The following is an excerpt from a 2013 Dartmouth News piece written by Native American alumni to learn
A graduate of Stanford Medical School, Lori Arviso Alvord ’79 was the nation’s first Navajo surgeon and wrote about combining Navajo healing philosophies with Western medicine in her book “The Scalpel and the Silver Bear.” She previously worked at the Geisel School of Medicine as associate dean of student and multicultural affairs and assistant professor of surgery and psychiatry.
"I knew almost nothing about Ivy League schools when I was in high school. I met a Navajo student who was at Princeton who encouraged me to apply there. I asked him how many Native students were there, and he said there were five. I could not imagine going somewhere where there were only five Native students, and so he recommended Dartmouth. They had about 30. I visited Dartmouth thanks to the Native Fly-In Program, and was intrigued.
The Native American Program made it possible for me to attend and succeed at Dartmouth. The most important part of the program was the social and emotional support. When I was at Dartmouth, the Native Program and the Native community were one and the same. We did not know where one ended and the other began. I do not know that I would have been able to stay at Dartmouth without the support of the program.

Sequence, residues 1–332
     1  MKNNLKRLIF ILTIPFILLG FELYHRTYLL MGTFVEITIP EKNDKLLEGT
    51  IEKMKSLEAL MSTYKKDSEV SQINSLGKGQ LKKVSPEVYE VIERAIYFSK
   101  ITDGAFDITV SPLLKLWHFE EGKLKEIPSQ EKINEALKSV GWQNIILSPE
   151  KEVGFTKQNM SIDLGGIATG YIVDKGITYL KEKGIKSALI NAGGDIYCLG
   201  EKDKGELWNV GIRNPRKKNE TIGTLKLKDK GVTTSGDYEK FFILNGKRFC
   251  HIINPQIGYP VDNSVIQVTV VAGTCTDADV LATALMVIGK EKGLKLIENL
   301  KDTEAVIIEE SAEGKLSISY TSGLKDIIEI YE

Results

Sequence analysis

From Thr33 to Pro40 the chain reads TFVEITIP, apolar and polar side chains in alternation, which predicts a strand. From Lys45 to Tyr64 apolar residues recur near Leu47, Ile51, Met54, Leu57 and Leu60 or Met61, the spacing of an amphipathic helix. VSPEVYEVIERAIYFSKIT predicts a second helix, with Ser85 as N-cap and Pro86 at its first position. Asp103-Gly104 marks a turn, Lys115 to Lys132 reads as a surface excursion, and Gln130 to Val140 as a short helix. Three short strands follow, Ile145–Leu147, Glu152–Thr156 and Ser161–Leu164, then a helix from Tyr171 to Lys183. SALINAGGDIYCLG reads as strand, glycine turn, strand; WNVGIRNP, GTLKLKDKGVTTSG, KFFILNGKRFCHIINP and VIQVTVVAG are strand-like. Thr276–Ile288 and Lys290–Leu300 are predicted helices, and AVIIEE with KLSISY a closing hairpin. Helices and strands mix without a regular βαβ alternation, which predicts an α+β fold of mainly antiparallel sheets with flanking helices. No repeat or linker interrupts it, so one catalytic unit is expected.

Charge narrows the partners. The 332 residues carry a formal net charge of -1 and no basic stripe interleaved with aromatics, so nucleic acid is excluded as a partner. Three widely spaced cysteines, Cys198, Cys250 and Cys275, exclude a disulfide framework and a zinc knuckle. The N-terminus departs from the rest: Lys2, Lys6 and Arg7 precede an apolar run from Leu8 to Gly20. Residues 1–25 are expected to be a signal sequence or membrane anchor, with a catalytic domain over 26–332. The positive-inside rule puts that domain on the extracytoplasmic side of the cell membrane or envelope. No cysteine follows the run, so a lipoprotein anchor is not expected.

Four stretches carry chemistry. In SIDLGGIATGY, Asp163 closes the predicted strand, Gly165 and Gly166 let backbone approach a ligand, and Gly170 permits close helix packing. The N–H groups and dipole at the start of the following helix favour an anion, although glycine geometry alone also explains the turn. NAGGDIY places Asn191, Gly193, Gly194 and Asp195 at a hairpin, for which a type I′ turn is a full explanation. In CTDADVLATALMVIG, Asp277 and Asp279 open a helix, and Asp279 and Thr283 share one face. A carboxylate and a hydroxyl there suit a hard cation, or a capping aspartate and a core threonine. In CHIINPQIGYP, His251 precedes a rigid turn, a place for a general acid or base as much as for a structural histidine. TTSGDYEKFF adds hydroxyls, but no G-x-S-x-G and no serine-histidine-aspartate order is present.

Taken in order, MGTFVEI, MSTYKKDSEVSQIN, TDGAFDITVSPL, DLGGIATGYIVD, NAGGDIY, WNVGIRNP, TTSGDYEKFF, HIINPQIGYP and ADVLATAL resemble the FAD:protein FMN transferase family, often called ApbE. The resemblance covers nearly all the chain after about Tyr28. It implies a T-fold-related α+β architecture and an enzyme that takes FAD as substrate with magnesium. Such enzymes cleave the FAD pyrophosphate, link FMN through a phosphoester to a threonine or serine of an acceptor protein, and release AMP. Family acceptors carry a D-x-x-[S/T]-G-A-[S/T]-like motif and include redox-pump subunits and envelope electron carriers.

I owe my first job to my Dartmouth degree, and my path to medicine. It was as a research assistant in a neurobiology lab. I had no experience, but the neurologist said he knew that I had a Dartmouth degree, and he could probably train me to do anything he needed me to do. He encouraged me to consider becoming a physician. I wasn’t sure that I could succeed, but his belief in me gave me the confidence to try. The academic preparation at Dartmouth definitely helped me achieve my dreams."
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Photo courtesy of Dartmouth Library, taken by Lori Cupp ‘79